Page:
Tasneem Vikram Singh Mehta is no stranger to challenges. She is credited with transforming Mumbai’s Dr Bhau Daji Lad Museum from a crumbling liability to a preserved heritage, as its managing trustee & honorary director.
She is no stranger to the corporate world, either, courtesy her husband Vikram Singh Mehta, executive chairman of Brookings India and former chairman of Shell in India. She is also on the board of National Institute of Design.
Mehta is now “putting in extra efforts” to succeed in a new chapter in her life, as a director on the board of Mumbai-based pharma company Wockhardt. “One should not be afraid of speaking one’s mind,” and should avoid getting into the trap of “thinking that you are not as good and experienced as others”, she says, emphasising her interest in corporate social responsibility (CSR), especially through the chain of hospitals that Wockhardt runs.
|WOMEN ON BOARD|
Rekha Sethi is also determined to bring the same sense of enthusiasm to her new role. The director general of the All India Management Association (AIMA) is another first-timer for India Inc boardrooms, after the Securities and Exchange Board of India (Sebi) directive that every company must have at least one woman as director. Until joining the boards of Sun Pharmaceutical and CESC, Sethi had worked as board member only at non-profit organisations.
“I initially had a lot of doubt whether I will be able to perform, so my strategy was staying quiet, sitting and learning,” she says, highlighting the effort she is putting into the homework before these meetings. “It has raised my level of learning — it is a step-up for me,” she says.
The story of first-time woman directors on company boards is not only of grit and passion but of a large talent pool being noticed for the first time.
Consider Rita Bhagwati, who has joined the board of GE Shipping. She is Indian advisor on economic and finance for the Washington-based Bower Group Asia. Before BGA, Bhagwati served as the regional economist for South Asia at the International Finance Corporation (IFC), the World Bank’s private sector arm.
“I wish these appointments for increasing diversity on boards were done without the external pressure (from Sebi). It is unfortunate that it has happened only after Sebi started cracking the whip,” says Bhagwati, who counts attention to detail and greater due-diligence as traits women bring to companies’ boards. She has identified areas like currency hedging strategy for her contribution to the GE Shipping board. Since the Sebi directive, she has been approached by many companies to join their boards; she is currently considering joining those of two other large listed companies. She has also joined the board of unlisted telecom tower company, Indus Towers.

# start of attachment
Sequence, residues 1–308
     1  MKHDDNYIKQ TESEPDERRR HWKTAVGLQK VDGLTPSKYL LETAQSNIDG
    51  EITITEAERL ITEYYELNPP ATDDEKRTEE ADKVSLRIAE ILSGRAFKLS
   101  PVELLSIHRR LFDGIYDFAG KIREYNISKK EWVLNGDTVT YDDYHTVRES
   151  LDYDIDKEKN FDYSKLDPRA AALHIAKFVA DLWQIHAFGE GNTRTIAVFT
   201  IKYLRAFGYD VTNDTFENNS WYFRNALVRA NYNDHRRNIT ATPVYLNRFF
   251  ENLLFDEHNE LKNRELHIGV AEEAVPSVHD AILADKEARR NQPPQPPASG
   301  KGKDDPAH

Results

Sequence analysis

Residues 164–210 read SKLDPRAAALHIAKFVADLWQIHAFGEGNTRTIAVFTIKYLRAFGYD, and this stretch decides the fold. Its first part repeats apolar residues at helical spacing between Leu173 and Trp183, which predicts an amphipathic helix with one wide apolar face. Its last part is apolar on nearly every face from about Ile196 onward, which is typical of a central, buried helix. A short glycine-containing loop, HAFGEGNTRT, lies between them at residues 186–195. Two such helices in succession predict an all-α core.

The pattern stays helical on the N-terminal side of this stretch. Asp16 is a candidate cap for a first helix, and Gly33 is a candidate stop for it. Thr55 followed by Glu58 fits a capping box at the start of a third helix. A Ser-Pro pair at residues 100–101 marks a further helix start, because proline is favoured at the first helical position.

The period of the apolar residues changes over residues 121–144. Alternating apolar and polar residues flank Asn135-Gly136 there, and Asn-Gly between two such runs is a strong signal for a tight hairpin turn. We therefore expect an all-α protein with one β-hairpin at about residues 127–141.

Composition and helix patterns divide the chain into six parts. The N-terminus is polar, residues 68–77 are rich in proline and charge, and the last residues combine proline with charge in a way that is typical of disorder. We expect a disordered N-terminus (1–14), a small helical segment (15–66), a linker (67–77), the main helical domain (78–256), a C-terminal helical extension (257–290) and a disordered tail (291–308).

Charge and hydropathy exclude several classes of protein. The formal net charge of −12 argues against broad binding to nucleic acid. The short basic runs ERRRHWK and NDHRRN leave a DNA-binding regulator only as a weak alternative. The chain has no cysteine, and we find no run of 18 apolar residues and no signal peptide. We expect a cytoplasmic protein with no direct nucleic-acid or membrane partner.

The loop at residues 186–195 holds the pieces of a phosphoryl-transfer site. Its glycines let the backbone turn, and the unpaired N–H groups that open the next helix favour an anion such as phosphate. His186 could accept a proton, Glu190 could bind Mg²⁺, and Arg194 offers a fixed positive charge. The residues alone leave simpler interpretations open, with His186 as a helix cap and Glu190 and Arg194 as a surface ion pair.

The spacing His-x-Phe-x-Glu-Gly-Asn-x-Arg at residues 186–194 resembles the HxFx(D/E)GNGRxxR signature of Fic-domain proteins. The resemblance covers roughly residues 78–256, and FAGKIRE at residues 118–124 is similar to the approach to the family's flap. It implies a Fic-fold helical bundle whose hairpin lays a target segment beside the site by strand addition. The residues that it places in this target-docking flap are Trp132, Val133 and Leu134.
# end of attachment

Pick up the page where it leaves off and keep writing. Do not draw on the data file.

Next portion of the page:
Bhagwati is also pleased to find her former boss at IFC, Farida Khambata joining an Indian company’s board, for the first time. Khambata has spent years in emerging markets with the IFC and is global strategist and partner at the US-based Cartica Management. She has joined the board of Kotak Mahindra Bank.
“What I bring to the table is my perspective on individual emerging markets and the issues they face,” Khambata says counting the number of boards she has represented internationally, including commercial banks in Czech Republic, the Philippines and Oman. She has also been on the board of an asset management company in Vietnam and advisory boards of different funds. “Emerging markets are not homogeneous and the issues faced vary from one country to another,” she says. Khambata has also joined the board of Tata Sons, the unlisted holding company for the $104-billion Tata group.
The list of BSE-200 companies shows that 96 companies already had woman directors on board before Sebi’s directive came in February last year. Since then, 80 companies have made fresh appointments. Of these appointments, 50 have been of women becoming directors for the first time.
Ironically, the call for joining a company’s board was especially long for Sebi’s former executive director, Dharmishta N Rawal, who left her job in the regulatory organisation about a decade ago to concentrate on her legal practice in the high court of Gujarat. She finally joined the board of Ahmedabad-based Cadila Healthcare, and then Adani Enterprises. “Women work as a team and have an eye for detail. But how much difference one woman on a company’s board can make is not really clear,” says Rawal, who desires greater gender diversity.